As Michael already noted, Judge Henry Hudson of the Eastern District of Virginia denied the government's motion to dismiss Virginia's legal challenge to Obamacare. Notably, Judge Hudson agreed with Cato senior fellow Randy Barnett (see here, here, and here) that the government's assertion of Commerce Clause authority for the individual mandate is unprecedented:
The guiding precedent is informative, but inconclusive. Never before has the Commerce Clause and Necessary and Proper Clause been extended this far. At this juncture, the court is not persuaded that the Secretary has demonstrated a failure to state a cause of action with respect to the Commerce Clause element.
And that goes for the government's arguments generally:
While this case raises a host of complex constitutional issues, all seem to distill to the single question of whether or not Congress has the power to regulate–and tax–a citizen’s decision not to participate in interstate commerce. Neither the U.S. Supreme Court nor any circuit court of appeals has squarely addressed this issue. No reported case from any federal appellate court has extended the Commerce Clause or Tax Clause to include the regulation of a person’s decision not to purchase a product, notwithstanding its effect on interstate commerce. Give the presence of some authority arguably supporting the theory underlying each side’s position, this Court cannot conclude at this time stage that the Complaint fails to state a cause of action.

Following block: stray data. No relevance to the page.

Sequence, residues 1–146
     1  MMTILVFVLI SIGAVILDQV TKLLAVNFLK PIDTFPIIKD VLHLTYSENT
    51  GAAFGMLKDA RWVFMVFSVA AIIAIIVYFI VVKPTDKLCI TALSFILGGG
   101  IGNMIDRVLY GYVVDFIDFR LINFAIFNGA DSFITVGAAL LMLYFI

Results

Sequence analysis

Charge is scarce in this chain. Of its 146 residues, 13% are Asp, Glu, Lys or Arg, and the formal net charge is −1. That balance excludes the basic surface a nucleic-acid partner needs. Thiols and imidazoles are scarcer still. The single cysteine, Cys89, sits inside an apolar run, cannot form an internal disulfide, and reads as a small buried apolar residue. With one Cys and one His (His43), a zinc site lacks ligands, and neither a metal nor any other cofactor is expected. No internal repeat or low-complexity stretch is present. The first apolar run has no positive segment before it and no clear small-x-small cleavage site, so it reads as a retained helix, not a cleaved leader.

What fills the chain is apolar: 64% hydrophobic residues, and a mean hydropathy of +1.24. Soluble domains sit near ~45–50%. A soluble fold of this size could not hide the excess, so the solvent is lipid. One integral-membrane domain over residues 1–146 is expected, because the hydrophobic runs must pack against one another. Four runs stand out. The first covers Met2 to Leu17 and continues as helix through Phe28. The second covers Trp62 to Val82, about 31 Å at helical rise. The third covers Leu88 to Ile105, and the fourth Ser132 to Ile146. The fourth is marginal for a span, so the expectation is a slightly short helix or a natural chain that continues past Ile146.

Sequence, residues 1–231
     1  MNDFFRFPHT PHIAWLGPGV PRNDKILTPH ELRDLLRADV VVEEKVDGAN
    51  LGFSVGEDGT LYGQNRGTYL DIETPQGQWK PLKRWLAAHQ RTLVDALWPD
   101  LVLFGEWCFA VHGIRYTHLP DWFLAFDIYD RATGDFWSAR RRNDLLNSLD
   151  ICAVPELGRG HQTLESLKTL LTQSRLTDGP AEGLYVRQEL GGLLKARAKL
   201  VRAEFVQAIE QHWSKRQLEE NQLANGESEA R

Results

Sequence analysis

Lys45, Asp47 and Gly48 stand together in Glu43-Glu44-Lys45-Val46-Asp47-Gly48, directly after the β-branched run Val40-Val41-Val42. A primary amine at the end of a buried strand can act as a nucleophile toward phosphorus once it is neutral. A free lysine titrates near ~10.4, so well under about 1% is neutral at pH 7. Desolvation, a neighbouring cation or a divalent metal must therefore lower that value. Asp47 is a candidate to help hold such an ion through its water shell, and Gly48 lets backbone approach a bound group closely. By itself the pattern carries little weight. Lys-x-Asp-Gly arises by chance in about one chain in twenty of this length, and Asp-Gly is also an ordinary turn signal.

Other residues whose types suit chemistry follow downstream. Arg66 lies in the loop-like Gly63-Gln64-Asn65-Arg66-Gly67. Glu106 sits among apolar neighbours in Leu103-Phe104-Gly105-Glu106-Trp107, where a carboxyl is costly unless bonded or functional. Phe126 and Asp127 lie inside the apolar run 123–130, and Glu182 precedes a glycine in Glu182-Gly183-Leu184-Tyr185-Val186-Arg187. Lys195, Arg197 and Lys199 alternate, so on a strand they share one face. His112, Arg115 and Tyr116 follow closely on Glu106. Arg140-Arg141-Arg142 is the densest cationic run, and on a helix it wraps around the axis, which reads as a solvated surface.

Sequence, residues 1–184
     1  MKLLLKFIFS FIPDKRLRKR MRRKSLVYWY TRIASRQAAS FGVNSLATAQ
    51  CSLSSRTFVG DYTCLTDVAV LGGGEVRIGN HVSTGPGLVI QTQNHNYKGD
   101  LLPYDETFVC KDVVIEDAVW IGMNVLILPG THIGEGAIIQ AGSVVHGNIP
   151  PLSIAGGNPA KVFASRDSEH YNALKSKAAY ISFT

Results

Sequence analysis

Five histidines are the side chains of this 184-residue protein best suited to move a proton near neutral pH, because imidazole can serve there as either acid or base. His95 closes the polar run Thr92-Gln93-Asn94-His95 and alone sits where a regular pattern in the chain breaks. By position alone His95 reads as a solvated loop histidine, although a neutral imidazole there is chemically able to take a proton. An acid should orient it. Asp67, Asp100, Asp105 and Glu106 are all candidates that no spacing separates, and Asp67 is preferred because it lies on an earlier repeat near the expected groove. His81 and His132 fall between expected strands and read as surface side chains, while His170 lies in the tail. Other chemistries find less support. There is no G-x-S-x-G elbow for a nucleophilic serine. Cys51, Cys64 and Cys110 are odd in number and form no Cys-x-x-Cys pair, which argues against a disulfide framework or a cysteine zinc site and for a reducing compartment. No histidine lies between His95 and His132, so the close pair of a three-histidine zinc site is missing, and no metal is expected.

In other words, at this first, early stage of litigation, Virginia's lawsuit survives and the government has a real fight on its hands. Read the whole opinion here.
Now, this ruling does not decide the merits of the case and is not binding on any other court in any of the other Obamacare lawsuits -- on Friday, for instance, Florida is due to file its brief opposing the government's motion to dismiss the 20-state suit -- but it is a beachhead in the fight against big government. Judge Hudson's opinion should finally silence those who maintain that the legal challenges to Obamacare are frivolous political ploys or sour grapes. The constitutional defects in the healthcare “reform” are very real and quite serious. Never before has the government claimed the authority to force every man, woman, and child to buy a particular product - and indeed such authority does not exist (as Cato’s amicus brief argued).
I look forward to further favorable rulings as the various lawsuits progress. For further commentary, see Ilya Somin, Josh Blackman, and Hans Bader.